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Passport to Pimlico (1949) Poster

Trivia

The outdoor scenes were shot in Lambeth, a mile away from Pimlico. A set was built on a large World War II bombsite just south of Lambeth at the junction of Hercules Road. This site is now the location for municipal flats build in the 1960s. However, the buildings on the junction of Hercules Road and Lambeth Road can still be recognized from the film, as can the railway bridge going over Lambeth Road, particularly from the scenes where food is thrown over the blockade.
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At the start of the film a radio announcement mentions Latin music performed by "Les Norman and his Bethnal Green Bambinos". This is an in-joke referring to Ealing producer Leslie Norman. Bethnal Green was an unattractive area in the East End of London.
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The original negatives of this and other Ealing comedies were lost in the Henderson's Film Laboratories fire in 1993.
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A placard can be seen that says "Forget that Cripps feeling": this refers to Stafford Cripps, who was at the time Chancellor of the Exchequer.
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The isolation of Pimlico and its support by the common people of London is a reference to the Berlin blockade of June 1948 - May 1949.
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When the traders invade Pimlico, a comment is made about it becoming "a spiv's paradise". A spiv is/was a minor criminal who dealt in stolen or black-market goods of questionable authenticity. Spivs were often well-dressed and were noted for offering goods at bargain prices, though the goods were generally not what they seemed or had been obtained illegally. The term was particularly used for black-market dealers during the Second World War and in the post-war period.
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Ealing appears on one of the signs, an obvious homage to the studio.
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Scripted by T.E.B. Clarke, a regular writer on the Ealing films. One of his trademarks was the logical development of absurd ideas.
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Made during the Berlin blockade.
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Alistair Sim turned down a role in the film.
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When the underground train is intercepted, the sign on the front of the train says it's on the District Line going to Wimbledon. That part of the District Line goes nowhere near Pimlico (or Lambeth).
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Inspired the likes of The Mouse That Roared (1959) and its sequel The Mouse on the Moon (1963) about ridiculously small independent nations, as well as the Swedish radio show "Mosebacke Monarki". A similar plot was the basis of the German film Die Dubrow Krise (1969) that depicts a fictional East German town joining West Germany. Many problems that eventually plagued the actual reunification 20 years later were accurately predicted by the film.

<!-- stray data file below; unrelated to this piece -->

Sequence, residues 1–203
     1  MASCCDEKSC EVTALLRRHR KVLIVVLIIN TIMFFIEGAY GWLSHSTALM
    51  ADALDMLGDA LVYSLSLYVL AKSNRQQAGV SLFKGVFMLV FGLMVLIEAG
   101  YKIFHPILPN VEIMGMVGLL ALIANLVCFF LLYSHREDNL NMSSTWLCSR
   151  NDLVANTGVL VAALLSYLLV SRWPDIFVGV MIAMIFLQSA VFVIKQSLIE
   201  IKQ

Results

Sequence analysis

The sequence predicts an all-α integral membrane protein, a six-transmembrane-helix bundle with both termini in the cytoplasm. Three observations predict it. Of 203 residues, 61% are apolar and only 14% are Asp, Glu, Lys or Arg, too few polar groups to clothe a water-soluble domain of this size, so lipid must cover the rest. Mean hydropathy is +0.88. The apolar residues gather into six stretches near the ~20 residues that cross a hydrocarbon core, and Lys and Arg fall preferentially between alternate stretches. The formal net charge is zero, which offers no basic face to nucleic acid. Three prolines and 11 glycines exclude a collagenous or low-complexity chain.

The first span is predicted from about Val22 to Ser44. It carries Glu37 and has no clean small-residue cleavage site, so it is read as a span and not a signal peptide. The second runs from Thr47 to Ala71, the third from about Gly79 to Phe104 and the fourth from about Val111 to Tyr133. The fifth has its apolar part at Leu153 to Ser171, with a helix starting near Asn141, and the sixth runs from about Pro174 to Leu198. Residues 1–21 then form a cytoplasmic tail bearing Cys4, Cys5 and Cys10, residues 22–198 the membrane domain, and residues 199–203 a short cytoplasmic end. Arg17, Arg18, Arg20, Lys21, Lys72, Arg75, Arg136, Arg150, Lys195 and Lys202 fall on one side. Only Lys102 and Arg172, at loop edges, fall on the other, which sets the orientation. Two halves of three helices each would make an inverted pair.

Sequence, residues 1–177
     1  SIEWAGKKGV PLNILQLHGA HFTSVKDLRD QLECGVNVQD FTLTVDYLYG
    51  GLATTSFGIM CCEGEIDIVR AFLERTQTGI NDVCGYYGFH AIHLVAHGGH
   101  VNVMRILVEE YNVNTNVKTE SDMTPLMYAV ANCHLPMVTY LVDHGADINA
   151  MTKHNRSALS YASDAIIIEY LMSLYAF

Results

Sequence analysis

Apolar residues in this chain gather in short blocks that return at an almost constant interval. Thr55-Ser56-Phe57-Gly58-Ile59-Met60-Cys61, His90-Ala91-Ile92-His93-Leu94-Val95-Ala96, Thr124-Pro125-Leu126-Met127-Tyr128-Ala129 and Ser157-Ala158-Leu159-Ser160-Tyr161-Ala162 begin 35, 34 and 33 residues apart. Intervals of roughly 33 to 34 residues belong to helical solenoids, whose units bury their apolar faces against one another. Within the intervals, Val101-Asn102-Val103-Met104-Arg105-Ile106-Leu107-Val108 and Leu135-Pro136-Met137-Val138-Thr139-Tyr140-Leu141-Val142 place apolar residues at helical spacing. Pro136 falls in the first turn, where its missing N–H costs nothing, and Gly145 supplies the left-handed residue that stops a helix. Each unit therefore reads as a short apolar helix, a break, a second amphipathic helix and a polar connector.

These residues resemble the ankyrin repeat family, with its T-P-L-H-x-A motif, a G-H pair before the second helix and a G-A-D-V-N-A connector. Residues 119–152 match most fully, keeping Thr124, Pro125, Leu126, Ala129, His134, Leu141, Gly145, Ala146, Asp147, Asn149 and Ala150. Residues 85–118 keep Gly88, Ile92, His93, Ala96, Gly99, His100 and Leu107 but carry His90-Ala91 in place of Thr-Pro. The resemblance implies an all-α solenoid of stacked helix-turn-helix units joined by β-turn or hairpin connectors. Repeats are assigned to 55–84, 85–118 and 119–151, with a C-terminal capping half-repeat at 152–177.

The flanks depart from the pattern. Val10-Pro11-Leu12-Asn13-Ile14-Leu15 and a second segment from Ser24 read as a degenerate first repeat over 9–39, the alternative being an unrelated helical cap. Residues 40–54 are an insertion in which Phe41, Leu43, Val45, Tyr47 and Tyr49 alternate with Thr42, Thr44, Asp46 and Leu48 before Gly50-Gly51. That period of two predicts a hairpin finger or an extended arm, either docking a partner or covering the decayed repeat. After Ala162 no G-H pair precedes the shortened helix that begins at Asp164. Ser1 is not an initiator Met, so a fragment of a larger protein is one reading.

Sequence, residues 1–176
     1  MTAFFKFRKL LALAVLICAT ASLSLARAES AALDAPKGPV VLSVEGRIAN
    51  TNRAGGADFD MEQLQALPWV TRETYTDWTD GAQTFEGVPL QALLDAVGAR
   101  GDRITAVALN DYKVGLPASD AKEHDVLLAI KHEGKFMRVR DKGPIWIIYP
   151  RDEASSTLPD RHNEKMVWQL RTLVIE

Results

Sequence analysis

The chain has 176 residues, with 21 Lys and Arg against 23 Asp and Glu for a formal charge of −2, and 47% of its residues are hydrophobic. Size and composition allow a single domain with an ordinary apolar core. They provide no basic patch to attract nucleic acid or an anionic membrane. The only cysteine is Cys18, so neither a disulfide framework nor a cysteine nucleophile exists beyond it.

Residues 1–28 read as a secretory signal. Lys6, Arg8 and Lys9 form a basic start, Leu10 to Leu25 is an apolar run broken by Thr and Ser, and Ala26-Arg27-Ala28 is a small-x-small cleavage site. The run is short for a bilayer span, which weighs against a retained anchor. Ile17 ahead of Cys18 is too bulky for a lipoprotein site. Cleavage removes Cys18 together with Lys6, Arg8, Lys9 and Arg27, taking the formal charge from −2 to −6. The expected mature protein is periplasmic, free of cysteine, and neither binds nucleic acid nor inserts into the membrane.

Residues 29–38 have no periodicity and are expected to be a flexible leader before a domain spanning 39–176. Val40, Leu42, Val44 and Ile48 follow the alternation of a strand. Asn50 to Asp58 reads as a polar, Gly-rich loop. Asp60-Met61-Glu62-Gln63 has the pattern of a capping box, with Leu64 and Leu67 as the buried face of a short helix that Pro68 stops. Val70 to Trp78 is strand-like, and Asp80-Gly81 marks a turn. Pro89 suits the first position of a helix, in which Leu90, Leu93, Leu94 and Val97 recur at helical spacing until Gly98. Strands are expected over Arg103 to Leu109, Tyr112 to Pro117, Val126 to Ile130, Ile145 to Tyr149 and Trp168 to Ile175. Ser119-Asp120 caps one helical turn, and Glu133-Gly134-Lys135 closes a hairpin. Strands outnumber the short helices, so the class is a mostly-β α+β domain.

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The part of Prof. Hatton-Jones was written as a man and was offered to some male performers before it was decided to make the role female, and Margaret Rutherford was cast.
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Wix is referred to as a second Montagu Norman. Norman had served as Governor of the Bank of England from 1920-1944.
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Shirley's comment, "We'll fight them on the tramlines, we'll fight them in the local ..." is a take on Sir Winston Churchill's famous wartime speech, "We shall fight on the beaches, we shall fight on the landing grounds, we shall fight in the fields and in the streets, we shall fight in the hills..."
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The last Duke of Burgundy was Charles de Valois, otherwise known as Charles "The Rash" or "The Bold" or "The Terrible. The 44-year-old Charles was killed in the Swiss War in 1477, and France annexed Burgundy. Burgundy's holdings outside of France passed to Charles' daughter Marie, and her marriage to an Archduke of Austria (who later became Maximilian I, Holy Roman Emperor) saw the Burgundian inheritance pass to the Habsburg dynasty.
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Charles Hawtrey, a veteran of the "Carry On" films. appears in this film. Other "Carry On" stars have appeared in subsequent Ealing comedies like Sidney James in The Lavender Hill Mob (1951) and or Frankie Howerd in The Ladykillers (1955).
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Directorial debut of Henry Cornelius.
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Screened at the 1949 Cannes Film Festival, but not entered into the competition.
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Some historians, for some reason, have considered this to be a borderline science-fiction film.
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In Spain -after a TV premiere (1973)- the film had a theatrical release (July 2015) 66 years later. Was released in 2 theaters (Madrid and Barcelona, Cines Verdi) in subtitled version and was only projected for 4 days.
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